Games » Cleveland IndiansApr24
They deserved to lose
The Kansas City Star
As I’ve been saying the last few days, I no longer am going to try to correlate winning and losing to intangibles. I don’t care if the Royals hold meetings or go on benders. I don’t care if Ned Yost throws a chair or stays calm. I don’t care if they eat crow or chicken dinners in the clubhouse. Hell, I don’t care if they sacrifice live chickens in the clubhouse — maybe it would help.
From now on, I am going to correlate winning and losing to playing the game well. (Novel concept, but let’s try it for a while and see how it goes.) So if playing a game well is how you win, the Royals deserved to lose this one.
When a team’s pitching staff walks nine batters, hits another and every run it gives up was one of those walked or hit batters who scored, that team deserves to lose. For a while I thought the Royals were playing well but losing. Now I think they’re playing poorly and losing. That can change tomorrow night, but a team with little margin for error can’t give the other guys 10 free base-runners, let four of them score and blame it all on bad luck.
The Royals’ defense continues to play well, and that’s a starting point. This is a much better fielding team than the 2010 version. The defense was one of the reasons people were high on this team before the season began.
As has often been the case, the team continues to battle back. Even in this losing streak, the Royals have often scored late. They haven’t given up.
Yost said the players need to find the right emotional level and stay there. I can’t get in their heads, but from the outside, I see a team that is sometimes aggressive when it should be cautious and sometimes cautious when it should be aggressive. On Tuesday night, I thought that happened to third-base coach Eddie Rodriguez.
In the eighth inning with two outs, Eric Hosmer on second base and Mike Moustakas on first, Mitch Maier (who played a helluva game) doubled down the right-field line. Moose is neither the fastest guy on the team nor the slowest, but I figured he would score, considering the situation. That would have made the score 4-3.
The Indians’ right fielder, Shin-Soo Choo, did not exactly bust it going after the ball, and I figured it was a done deal, but Eddie held up Moose at third base. To make matters worse, you can be more aggressive sending the runner when the throw comes from right field. The catcher loses sight of home plate when he turns to receive the throw from right field. Then he has to turn back, find the runner and apply the tag. (We have a video on the site called “The catcher’s blind spot” that demonstrates this play.)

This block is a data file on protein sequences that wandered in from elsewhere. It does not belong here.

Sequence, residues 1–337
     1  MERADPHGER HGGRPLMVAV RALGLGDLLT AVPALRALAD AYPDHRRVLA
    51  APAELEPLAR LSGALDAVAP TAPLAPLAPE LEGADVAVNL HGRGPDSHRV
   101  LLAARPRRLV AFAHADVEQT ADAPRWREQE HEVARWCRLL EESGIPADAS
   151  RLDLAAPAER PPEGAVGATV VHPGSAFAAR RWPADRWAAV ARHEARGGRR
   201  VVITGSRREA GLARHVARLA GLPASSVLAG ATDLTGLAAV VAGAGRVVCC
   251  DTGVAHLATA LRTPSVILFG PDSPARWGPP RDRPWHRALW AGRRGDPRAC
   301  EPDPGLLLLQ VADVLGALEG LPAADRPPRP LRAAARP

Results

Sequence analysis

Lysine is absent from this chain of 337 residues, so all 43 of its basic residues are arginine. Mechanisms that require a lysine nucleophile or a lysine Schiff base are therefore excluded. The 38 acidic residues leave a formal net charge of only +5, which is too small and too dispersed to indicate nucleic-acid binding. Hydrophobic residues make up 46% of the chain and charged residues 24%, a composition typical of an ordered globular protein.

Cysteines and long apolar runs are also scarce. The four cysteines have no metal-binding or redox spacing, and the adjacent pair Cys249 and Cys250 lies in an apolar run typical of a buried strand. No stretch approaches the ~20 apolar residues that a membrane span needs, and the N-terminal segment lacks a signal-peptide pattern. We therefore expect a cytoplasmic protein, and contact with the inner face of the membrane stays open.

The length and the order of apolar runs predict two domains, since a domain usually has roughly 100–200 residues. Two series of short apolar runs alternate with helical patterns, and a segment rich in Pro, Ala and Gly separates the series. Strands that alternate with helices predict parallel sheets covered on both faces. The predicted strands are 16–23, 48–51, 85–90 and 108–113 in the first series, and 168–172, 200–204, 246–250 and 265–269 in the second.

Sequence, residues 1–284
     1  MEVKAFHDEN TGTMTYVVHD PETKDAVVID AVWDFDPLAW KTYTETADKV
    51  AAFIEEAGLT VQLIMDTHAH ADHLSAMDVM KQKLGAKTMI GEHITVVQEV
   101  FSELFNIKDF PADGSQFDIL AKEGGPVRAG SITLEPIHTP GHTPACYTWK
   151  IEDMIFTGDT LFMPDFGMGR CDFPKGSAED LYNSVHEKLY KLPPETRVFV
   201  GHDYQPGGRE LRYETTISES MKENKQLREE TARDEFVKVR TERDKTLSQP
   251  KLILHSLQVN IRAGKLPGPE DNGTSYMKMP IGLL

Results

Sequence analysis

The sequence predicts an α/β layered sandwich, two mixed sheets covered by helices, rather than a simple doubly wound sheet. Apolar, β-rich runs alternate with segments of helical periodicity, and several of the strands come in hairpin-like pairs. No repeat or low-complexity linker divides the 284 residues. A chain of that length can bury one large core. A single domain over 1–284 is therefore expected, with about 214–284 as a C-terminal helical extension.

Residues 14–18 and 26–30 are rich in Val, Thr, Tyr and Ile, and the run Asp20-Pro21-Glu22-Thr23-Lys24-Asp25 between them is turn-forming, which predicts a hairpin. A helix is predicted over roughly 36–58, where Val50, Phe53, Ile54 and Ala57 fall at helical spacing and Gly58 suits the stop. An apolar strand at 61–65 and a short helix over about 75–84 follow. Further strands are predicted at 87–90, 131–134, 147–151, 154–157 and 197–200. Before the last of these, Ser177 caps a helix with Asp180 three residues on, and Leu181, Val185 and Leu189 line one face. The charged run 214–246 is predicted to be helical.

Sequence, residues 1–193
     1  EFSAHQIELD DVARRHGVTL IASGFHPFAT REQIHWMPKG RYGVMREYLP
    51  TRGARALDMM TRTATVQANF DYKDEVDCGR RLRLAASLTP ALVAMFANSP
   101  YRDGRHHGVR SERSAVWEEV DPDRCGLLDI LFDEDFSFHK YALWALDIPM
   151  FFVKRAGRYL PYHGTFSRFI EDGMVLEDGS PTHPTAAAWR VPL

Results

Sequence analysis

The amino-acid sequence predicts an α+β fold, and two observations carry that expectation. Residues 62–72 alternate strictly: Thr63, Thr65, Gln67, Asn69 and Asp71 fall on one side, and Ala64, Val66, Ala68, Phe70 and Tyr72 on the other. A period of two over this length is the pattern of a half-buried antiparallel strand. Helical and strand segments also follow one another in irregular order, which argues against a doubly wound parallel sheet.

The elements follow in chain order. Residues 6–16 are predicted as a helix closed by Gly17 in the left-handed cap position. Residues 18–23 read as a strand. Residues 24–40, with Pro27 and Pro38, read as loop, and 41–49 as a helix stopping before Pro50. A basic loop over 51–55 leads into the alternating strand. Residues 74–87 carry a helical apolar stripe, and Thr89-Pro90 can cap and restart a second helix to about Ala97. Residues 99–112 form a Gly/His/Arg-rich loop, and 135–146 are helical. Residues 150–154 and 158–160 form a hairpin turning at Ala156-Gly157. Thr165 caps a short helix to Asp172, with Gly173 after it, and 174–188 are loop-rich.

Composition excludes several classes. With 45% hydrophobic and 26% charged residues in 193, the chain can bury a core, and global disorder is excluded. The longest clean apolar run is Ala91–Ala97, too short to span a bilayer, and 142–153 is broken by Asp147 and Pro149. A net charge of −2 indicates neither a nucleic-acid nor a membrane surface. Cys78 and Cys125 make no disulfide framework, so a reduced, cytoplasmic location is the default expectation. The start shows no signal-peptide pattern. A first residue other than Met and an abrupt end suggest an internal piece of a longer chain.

Now add the fact that Choo and Cleveland first baseman Casey Kotchman are both left-handed, and the decision looks even worse. Throws from lefties tail toward the first-base side, and the Indians’ catcher, Carlos Santana, would have been pulled even farther from home plate when receiving the ball. You might wonder whether a third-base coach should know all this in an instant, but when I was watching a game with Jason Kendall last season, he knew all this before the fielder picked up the ball — and Kendall was holding a beer in one hand at the time.
So when Chris Getz doubled to lead off the ninth inning on Tuesday night, he should have been the tying run but wasn’t. After Alex Gordon moved Getz to third, it’s possible Chris could have scored the tying run on Billy Butler’s groundout to the shortstop. But, to be fair to Eddie, that wasn’t likely. If that had been the case, the Indians would have moved their infield in. Maybe there is reason Eddie did what he did, but right now I don’t get it.
After Eddie held up Moose, Alcides Escobar had the tying run in scoring position, worked the count to 2-0 and then took a 90 mph four-seamer down the middle, another decision I don’t get. The table was set. I thought Esky would be looking for a fastball in a fastball count, and he got one in the middle of the strike zone. Esky hit the ball hard 3-2, but it was a one-hopper back to the pitcher.
That white gunk on the back of Mike Moustakas’ cap is rosin — probably. Mike likes to grab the rosin bag as he goes past the pitcher’s mound to make sure his throwing hand is dry. The rosin then leaves a mark when Mike reaches back to adjust his cap.
When I was talking with Ned Yost before Monday’s ball game, the topic shifted to the wind and how smart pitchers use it. Ned said Greg Maddux was a master at it. Maddux learned the skill in Wrigley Field. If the wind is blowing in, be aggressive. If the wind is blowing out, pitch your ass off.
I asked about the ball that Jeff Francoeur crushed into the wind Sunday, which turned into an easy fly ball. Ned pointed out that the Blue Jays’ J.P. Arencibia had done the same thing. Yost told Royals pitcher Danny Duffy that if he had used the wind to his advantage, that was very smart pitching. If the wind is blowing in, throw it down the middle of the plate and use your outfielders.
But it’s not just the wind that affects fly balls in Kauffman Stadium. Keep an eye on the thermometer. When it’s cool, the ball doesn’t carry as well, and pitchers can be more aggressive. When it’s hot, the pitchers have to keep the ball down because it will carry better.
One more weather-related topic: In Sunday’s game, the Royals were trying to prevent Toronto’s Adam Lind, a left-handed hitter, from hitting the ball down the left-field line. It was the one part of the park where the wind was blowing out. So when you’re trying to figure out why that pitcher threw that pitch to that location, factor in wind and temperature.